(Rebeckah Berry (left), Grants and Metrics manager at the Central Oregon Health Council and DeeDee Johnson, director of Family Services at Bend-Redmond Habitat for Humanity | Photo Courtesy of Bend-Redmond Habitat for Humanity)
Bend-Redmond Habitat for Humanity has just received a $5,000 grant from the Central Oregon Health Council to help the organization identify the barriers to homeownership for Black, Hispanic and other non-white families in the Central Oregon community. Over the next six months, the nonprofit will be partnering with an instructor at OSU-Cascades to gain a better understanding of what is driving racial disparities and to develop strategic initiatives to address them.
According to Oregon Housing & Community Services research, a person identifying as white has a 66 percent chance of becoming a homeowner. However, a person identifying as any other race has only a 30 percent chance of owning a home. This glaring divide has lifelong impacts on the economic stability of families as well as on their physical health and emotional well-being.
Benefits of homeownership include:
- Improved living conditions, including health and safety
- Higher educational attainment for children
- Increase in net family wealth
- A path out of poverty
“Bend-Redmond Habitat for Humanity is taking an important step with this project,” says Rebeckah Berry, Grants and Metrics manager at the Central Oregon Health Council. ”Creating safe listening spaces where lived experiences can be gathered can provide a stronger understanding of possible solutions to increase homeownership among Black, Hispanic and races other than white in the communities of Bend and Redmond. The Central Oregon Health Council is honored to fund this vital project that is directly seeking to discover sources of inequities in our region.”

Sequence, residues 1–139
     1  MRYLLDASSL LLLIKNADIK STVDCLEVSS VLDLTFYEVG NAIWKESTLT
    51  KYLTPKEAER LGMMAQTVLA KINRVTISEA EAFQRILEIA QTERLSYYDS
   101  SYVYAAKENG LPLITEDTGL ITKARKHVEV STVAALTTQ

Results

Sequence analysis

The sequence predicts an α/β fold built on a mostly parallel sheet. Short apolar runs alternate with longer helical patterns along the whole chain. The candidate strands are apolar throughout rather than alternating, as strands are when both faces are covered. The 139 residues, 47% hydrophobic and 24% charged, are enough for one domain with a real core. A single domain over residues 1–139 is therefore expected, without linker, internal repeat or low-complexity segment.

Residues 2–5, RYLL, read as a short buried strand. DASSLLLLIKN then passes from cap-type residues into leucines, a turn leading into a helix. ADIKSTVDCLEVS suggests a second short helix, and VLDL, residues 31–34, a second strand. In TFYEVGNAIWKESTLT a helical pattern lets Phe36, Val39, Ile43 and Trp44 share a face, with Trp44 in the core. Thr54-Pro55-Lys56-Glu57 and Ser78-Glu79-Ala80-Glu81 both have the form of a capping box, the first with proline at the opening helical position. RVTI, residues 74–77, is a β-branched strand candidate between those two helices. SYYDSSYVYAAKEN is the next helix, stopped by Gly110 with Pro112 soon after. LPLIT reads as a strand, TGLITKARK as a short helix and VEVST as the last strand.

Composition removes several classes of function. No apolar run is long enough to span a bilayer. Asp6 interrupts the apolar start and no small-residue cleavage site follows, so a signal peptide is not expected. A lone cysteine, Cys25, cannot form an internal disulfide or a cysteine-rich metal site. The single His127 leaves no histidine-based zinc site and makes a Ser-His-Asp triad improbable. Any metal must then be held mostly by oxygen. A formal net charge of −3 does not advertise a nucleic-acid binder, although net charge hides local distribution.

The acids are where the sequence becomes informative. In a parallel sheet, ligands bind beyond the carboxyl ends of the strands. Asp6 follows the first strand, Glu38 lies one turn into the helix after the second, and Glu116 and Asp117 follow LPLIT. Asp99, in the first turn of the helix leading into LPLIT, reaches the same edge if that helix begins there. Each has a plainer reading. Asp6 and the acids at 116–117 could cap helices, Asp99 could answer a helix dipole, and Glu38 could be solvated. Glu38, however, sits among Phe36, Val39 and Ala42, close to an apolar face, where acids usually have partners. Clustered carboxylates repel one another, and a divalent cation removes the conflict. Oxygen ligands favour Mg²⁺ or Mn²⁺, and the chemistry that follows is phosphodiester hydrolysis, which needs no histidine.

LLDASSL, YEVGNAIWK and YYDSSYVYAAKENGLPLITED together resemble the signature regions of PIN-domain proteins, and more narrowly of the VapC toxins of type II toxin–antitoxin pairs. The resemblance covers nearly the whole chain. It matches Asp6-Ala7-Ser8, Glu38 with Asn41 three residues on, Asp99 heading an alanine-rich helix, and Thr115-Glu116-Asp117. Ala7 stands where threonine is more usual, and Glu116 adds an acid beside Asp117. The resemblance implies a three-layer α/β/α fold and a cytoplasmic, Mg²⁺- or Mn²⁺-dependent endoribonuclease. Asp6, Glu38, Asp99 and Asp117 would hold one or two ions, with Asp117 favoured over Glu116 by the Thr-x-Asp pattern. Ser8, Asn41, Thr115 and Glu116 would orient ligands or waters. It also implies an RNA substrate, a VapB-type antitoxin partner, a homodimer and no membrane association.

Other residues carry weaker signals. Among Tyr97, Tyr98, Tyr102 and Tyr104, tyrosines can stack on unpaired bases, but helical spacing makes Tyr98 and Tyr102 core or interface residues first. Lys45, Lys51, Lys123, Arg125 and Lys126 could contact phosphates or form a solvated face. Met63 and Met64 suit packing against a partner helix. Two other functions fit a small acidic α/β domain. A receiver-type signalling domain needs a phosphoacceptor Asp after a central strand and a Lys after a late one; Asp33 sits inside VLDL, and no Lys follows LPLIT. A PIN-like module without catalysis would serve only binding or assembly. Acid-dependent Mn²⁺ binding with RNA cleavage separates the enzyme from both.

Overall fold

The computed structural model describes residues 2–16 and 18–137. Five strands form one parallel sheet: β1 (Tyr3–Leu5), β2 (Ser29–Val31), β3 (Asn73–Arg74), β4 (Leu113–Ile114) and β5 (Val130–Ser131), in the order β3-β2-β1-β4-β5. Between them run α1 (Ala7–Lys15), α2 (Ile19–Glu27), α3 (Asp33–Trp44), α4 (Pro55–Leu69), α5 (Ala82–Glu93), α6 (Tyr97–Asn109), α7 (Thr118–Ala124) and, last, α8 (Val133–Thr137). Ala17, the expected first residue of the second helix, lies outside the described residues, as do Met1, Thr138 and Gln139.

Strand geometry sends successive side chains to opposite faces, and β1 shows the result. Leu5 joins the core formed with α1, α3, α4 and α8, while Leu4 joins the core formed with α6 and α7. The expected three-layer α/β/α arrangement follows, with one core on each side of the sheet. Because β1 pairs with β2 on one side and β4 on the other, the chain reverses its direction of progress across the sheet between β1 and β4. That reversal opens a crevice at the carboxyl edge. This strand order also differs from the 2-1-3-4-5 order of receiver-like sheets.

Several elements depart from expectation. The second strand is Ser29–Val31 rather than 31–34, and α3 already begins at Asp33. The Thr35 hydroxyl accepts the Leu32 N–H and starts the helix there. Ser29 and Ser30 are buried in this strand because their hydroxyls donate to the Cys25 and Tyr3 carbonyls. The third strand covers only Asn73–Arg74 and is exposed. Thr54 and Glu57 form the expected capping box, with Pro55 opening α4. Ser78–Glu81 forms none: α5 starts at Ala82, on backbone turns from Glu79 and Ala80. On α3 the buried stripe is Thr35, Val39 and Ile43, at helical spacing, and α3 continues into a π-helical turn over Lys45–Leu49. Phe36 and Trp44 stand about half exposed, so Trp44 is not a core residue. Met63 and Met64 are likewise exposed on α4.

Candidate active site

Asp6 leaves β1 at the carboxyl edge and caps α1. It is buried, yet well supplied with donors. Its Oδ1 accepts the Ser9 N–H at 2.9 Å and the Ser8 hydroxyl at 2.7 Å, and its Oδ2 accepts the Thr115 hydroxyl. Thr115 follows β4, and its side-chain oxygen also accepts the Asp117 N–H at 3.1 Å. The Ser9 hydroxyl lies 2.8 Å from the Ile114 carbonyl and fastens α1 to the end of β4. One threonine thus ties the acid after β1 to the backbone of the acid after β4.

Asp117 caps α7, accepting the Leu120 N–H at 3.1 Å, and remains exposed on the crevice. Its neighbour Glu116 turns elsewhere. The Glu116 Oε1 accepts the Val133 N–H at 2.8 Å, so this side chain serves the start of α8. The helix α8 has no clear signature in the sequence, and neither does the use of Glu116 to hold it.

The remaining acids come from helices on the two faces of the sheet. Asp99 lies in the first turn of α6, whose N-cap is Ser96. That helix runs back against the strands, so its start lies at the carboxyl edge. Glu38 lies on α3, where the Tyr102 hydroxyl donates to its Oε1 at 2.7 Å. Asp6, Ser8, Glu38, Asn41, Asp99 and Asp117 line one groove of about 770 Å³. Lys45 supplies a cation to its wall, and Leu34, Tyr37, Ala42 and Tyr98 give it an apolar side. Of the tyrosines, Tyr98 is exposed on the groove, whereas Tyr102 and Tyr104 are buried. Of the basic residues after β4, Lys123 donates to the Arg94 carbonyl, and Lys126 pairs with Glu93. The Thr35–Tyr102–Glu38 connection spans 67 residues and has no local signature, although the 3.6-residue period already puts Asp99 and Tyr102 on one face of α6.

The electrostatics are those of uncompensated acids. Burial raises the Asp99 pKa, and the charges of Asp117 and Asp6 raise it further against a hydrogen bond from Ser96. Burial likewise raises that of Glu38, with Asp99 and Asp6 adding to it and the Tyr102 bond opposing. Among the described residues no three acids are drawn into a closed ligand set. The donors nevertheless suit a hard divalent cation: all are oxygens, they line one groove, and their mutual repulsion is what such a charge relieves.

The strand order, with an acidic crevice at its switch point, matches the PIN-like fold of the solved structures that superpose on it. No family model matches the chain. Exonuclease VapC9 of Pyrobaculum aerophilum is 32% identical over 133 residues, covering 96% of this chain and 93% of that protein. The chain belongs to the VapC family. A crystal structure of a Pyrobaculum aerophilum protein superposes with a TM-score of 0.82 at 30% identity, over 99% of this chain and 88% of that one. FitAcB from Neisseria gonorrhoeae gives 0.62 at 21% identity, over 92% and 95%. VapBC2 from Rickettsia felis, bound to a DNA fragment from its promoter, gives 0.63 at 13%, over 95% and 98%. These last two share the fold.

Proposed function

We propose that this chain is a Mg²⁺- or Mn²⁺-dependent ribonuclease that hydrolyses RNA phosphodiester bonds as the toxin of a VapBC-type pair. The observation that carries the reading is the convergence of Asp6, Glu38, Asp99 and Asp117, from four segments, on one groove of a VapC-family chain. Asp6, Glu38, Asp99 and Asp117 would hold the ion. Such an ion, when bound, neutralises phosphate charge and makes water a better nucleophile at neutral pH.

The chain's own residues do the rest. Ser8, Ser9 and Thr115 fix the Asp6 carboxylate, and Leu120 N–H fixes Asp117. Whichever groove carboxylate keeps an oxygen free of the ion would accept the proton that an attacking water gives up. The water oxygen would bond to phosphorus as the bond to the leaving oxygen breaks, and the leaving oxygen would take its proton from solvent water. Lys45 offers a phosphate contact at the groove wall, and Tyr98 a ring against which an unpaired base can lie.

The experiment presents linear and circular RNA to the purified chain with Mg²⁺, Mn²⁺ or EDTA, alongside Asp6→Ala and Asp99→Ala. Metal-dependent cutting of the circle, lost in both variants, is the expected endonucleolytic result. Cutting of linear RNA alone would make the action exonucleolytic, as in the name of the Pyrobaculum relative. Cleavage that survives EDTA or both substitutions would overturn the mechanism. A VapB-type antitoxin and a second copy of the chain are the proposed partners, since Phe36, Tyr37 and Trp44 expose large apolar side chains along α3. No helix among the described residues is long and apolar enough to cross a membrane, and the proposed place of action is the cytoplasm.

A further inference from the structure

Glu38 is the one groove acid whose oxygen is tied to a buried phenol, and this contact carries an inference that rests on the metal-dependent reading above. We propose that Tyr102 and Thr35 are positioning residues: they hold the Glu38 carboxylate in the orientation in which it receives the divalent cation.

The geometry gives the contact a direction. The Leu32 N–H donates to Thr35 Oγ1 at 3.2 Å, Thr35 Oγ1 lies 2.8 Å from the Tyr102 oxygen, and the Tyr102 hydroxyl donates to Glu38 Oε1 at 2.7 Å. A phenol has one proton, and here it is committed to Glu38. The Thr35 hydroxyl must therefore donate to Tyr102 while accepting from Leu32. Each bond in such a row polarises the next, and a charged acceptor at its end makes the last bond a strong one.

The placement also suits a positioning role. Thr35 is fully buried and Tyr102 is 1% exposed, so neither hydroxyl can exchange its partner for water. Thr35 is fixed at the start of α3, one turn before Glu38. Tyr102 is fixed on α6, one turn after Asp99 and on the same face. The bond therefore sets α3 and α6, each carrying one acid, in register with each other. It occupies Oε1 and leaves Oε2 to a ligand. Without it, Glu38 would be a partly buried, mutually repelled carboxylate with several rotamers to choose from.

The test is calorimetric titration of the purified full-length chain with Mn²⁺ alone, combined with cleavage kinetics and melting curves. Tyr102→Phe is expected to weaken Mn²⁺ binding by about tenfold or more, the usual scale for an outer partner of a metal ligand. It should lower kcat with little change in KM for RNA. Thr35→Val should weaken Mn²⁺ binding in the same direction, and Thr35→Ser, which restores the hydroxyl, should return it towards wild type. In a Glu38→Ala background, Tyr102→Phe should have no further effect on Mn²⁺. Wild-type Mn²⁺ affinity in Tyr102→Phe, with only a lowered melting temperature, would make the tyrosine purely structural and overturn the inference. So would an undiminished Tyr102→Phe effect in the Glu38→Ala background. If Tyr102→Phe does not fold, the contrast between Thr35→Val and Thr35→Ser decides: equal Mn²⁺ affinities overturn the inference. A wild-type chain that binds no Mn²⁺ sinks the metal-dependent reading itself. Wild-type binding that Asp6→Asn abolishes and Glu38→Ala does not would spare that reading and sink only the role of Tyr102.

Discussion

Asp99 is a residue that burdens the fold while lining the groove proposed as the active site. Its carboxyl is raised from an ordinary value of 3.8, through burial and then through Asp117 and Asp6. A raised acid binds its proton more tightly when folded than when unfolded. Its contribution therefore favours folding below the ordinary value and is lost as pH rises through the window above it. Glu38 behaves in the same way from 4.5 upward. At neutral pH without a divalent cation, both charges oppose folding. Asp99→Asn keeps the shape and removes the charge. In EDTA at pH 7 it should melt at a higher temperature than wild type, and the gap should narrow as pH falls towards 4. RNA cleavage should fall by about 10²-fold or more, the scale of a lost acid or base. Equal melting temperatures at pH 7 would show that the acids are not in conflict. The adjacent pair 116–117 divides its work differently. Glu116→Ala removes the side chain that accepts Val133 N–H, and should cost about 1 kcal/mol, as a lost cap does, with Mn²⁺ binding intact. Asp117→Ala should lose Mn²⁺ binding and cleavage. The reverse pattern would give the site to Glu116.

The project launches in July in partnership with Erika McCalipine, a business instructor and degree program lead at OSU-Cascades with in-depth experience addressing equity and inclusion in her courses and the local community. McCalipine’s work was recently honored with the Frances Dancy Hooks Award for building bridges across cultures, showing courage in promoting diversity and proudly “walking the talk.”
“Supporting equity in housing is a critical aspect of our mission to serve families,” explains DeeDee Johnson, Habitat’s director of Family Services. “If we are going to overcome racial disparities and create a world where everyone has a decent place to live, we have to look intentionally through the lens of diversity.”
The project scope includes working directly with the Habitat staff and the organization’s Board of Directors as well as hosting listening sessions with people of color to identify the barriers they are experiencing to accessing homeownership.
For more than 30 years, Bend-Redmond Habitat for Humanity has dedicated its programs to ensuring people of all races, faiths and backgrounds can work together for a common cause. As recently affirmed by Jonathan Reckford, CEO of Habitat for Humanity International, the nonprofit is committed “…to being actively anti-racist and to affirming, through word and action, that Black Lives Matter and that our communities and systems must further this fundamental truth.”
Bend-Redmond Habitat builds and sells 10-15 affordable homes a year, offering families mortgages affordably set at approximately 33 percent of the household income. Over a period of 12-24 months, program participants volunteer 150 hours of “sweat equity” on their home, attend homeownership education classes, pledge to maintain and repair their home and make house payments on time.